How to support a child during a crisis

Supporting children and young people during crisis

Children and young people can be greatly affected by a crisis situation. Children are influenced by the distress of people around them, and many worry about their own safety and the safety of their loved ones. The child and their family may have also recently returned from a crisis area or have loved ones inside the crisis area whom they worry about. The child may have memories or experiences of similar crises that may resurface as a result of the events.

It is important for the adult to monitor how the child is reacting to the crisis or related media coverage, listen to the child’s questions and provide honest answers and comfort. The child or young person may also wonder if they could do something to help the people in need. Together with the child, the adult can think about situation-specific actions that a child or young person could do to help.

  • Listen to the child or young person. Tell the child or young person that they are entitled to their feelings and that it is normal to react strongly when one feels that their own safety or the safety of others is compromised.
  • The child or young person will likely need your presence more than ever, so prepare to be there for them. Discuss the events in a calm manner. Base what you say on facts. Help the child or young person distinguish facts from opinions. Foster the child or young person’s sense of security by telling them that you are there for them.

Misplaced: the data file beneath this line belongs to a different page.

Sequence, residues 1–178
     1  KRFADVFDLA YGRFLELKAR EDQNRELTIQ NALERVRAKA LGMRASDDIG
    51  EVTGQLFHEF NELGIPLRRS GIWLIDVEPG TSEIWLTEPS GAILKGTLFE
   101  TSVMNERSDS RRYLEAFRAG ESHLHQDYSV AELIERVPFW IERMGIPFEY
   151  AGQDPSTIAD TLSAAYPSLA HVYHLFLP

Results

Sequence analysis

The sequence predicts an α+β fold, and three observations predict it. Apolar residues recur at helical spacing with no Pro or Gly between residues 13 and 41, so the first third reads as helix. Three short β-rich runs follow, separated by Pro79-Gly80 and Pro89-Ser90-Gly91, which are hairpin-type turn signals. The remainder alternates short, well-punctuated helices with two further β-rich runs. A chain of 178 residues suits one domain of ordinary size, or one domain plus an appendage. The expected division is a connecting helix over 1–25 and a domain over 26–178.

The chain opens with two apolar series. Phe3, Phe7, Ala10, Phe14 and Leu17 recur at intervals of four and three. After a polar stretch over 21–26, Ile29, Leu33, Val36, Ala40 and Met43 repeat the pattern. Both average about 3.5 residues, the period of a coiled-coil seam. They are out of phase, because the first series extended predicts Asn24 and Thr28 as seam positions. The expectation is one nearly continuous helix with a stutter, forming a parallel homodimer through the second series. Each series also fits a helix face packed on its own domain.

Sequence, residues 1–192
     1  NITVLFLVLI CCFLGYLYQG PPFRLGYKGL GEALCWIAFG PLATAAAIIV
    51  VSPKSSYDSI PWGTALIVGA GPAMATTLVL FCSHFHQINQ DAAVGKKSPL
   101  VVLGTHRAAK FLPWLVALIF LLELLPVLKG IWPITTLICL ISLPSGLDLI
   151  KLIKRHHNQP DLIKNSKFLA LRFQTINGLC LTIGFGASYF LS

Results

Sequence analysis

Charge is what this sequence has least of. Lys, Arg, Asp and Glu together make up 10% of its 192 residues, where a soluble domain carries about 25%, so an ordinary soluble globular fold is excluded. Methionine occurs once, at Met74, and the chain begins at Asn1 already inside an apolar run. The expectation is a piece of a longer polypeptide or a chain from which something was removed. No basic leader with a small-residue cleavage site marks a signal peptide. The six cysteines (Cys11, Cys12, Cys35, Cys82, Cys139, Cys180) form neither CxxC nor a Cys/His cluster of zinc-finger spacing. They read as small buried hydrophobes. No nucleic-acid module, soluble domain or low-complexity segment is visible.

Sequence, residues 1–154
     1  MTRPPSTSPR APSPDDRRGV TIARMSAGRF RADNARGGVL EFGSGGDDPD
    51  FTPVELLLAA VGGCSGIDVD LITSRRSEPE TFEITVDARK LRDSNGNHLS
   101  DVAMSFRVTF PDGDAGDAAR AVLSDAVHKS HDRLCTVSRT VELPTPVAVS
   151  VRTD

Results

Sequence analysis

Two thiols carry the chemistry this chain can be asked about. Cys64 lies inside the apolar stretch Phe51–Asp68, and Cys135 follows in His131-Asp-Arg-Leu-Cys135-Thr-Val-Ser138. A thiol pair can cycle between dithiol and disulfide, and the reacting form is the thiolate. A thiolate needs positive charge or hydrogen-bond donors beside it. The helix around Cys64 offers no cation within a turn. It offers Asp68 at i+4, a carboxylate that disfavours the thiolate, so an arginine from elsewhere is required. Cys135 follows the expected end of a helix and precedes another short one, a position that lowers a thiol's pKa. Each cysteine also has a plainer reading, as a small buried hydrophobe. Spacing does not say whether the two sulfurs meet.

• Protect the child or young person from being overwhelmed by the media, such as TV news or online content. Remember that the child may still see things that are shocking to them in the media, so be prepared to discuss these.
  • Make sure that the child or young person’s daily routine is not broken. Regular meals, sleep and exercise, along with other familiar routines, help maintain a sense of security and keep one’s mind off disturbing matters.
  • Get help if necessary. If the child or young person displays noticeable symptoms or their situation worsens to the extent that they, for example, are unable to sleep or go to school, you should seek outside help by contacting social and emergency services, school health care or other similar services.
  • The adult providing the support for the child may also need outside help.

For a child or young person shocked by an unpleasant event:

  • It is normal that events threatening to your own well-being or the well-being of others around you can create strong emotions and reactions, such as fear, powerlessness and aggression. You should discuss your feelings and reactions with your parents, friends or other people close to you. You could also speak with a school psychologist or school nurse, for example. There is also professional help for children and young people online, such as the online club room for young people, Netari,
  • Avoid paying too much attention to the media, such as TV news or online content. Pay special attention to looking after yourself and do things that take your mind off shocking events.
  • Focus on your daily routines and remember to sleep, eat and exercise adequately. These everyday routines protect you and help you understand that life goes on despite the crisis.

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